Dozens of candidates in last year’s nine-in-one elections are suspected of violating the Political Donations Act (政治獻金法), the Control Yuan said.
The historical Nov. 29 elections were the largest local government polls in the nation’s history, so-named because they elected officials and representatives in nine administrative categories, from county commissioners and special municipality mayors to city councilors and borough wardens.
Control Yuan division director Lin Hui-mei (林惠美) said that preliminary audits revealed that many might have violated Article 7 of the Political Donations Act.
Lin said that Article 7 stipulates that candidates are forbidden from taking donations from “profit-seeking businesses in accumulative deficit not made up according to relevant provisions,” “public enterprises or the civil enterprises in which the government holds not less than 20 percent of the capital,” and “manufacturers that have signed a government procurement contract of a large amount or an investment contract of important public construction and are performing the contract.”
Lin said that the Control Yuan has made a preliminary audit of the 2,294 candidates in the elections, which suggested “a portion” might have received contributions from corporations with cumulative deficits, but the exact number has yet to be determined.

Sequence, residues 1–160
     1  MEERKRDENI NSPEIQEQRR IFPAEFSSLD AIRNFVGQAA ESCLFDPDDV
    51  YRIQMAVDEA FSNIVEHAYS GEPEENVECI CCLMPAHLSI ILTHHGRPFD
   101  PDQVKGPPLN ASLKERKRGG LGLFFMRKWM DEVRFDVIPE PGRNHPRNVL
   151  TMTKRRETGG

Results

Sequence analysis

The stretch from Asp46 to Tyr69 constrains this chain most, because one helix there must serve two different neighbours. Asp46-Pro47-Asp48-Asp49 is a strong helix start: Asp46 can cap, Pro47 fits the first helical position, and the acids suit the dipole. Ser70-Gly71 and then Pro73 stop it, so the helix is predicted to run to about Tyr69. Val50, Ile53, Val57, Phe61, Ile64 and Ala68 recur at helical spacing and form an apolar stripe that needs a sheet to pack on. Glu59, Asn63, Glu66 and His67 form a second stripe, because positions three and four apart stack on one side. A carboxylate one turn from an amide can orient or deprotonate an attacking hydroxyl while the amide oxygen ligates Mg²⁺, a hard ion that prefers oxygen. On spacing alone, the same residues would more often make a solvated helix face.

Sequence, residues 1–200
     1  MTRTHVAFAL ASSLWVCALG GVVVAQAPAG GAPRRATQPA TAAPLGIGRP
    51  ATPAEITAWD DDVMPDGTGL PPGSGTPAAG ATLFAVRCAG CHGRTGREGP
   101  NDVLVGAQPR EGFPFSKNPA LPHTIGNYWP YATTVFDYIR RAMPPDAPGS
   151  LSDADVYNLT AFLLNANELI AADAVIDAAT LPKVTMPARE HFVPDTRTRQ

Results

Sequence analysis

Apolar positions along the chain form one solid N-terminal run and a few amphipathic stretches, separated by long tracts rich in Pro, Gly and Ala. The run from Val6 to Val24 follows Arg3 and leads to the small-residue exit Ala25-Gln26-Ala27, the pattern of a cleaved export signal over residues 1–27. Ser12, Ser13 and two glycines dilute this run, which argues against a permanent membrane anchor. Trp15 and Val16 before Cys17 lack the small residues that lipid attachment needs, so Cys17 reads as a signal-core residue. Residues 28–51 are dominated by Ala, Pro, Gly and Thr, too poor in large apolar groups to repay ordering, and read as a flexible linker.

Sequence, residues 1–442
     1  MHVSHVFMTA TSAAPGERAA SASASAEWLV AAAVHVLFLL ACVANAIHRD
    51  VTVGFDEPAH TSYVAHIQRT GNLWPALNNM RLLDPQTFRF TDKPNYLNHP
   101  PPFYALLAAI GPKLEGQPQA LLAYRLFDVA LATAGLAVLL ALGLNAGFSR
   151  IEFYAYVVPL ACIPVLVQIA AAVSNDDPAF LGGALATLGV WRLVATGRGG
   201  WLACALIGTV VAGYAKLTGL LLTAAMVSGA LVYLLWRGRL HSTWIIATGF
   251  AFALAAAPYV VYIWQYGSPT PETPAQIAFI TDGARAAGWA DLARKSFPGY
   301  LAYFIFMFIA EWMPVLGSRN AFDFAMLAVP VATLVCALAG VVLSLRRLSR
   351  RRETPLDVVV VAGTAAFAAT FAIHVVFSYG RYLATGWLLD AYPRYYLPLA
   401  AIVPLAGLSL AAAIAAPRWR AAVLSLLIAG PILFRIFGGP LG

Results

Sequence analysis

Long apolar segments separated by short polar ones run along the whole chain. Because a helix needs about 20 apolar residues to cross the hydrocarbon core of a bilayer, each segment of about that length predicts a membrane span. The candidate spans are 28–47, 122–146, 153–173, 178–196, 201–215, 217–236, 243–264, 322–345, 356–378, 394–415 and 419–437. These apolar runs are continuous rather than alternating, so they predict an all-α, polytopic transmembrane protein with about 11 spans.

Sources from the Control Yuan said the number of candidates who allegedly received funding from businesses in deficit is “quite high,” adding that “a minority” of politicians had received donations from state-owned enterprises or private firms in which the government own more than 20 percent of the public shares.”
There had been 255 cases of politicians accepting contributions from firms with cumulative deficits from Aug. 1, 2008, to June 30 this year, with fines of up to NT$42,513,128 (US$1.28 million) officials said.
The Control Yuan said that individuals investigated would be given notice and if they could demonstrate that due diligence was exercised before they accepted the money, they would not be held accountable.
The fine for receiving improper donations is between NT$200,000 and NT$1 million, officials said.
Deputy Minister of the Interior Jonathan Chen (陳純敬) called on candidates and donors to obey the law, adding that such offenses were committed in every election.
The most common offenses against the Political Donations Act have been individual donors exceeding the legal limit on single-candidate donations of NT$100,000 per year and exceeding the limit on overall political contributions of NT$200,000 per year, which accounted for the 357 convictions in the past seven years, Control Yuan statistics from the same period showed.
Other common forms of illegal campaign donations include for-profit businesses exceeding the NT$1 million legal limit per year for single-candidate donations and the NT$2 million limit on total contributions and politicians receiving donations from businesses in deficit, receiving donations from non-voters, receiving more than NT$10,000 from an anonymous donor and failing to notarize with a certified accountant when the sum of contributions exceeds NT$10 million, the Control Yuan said.
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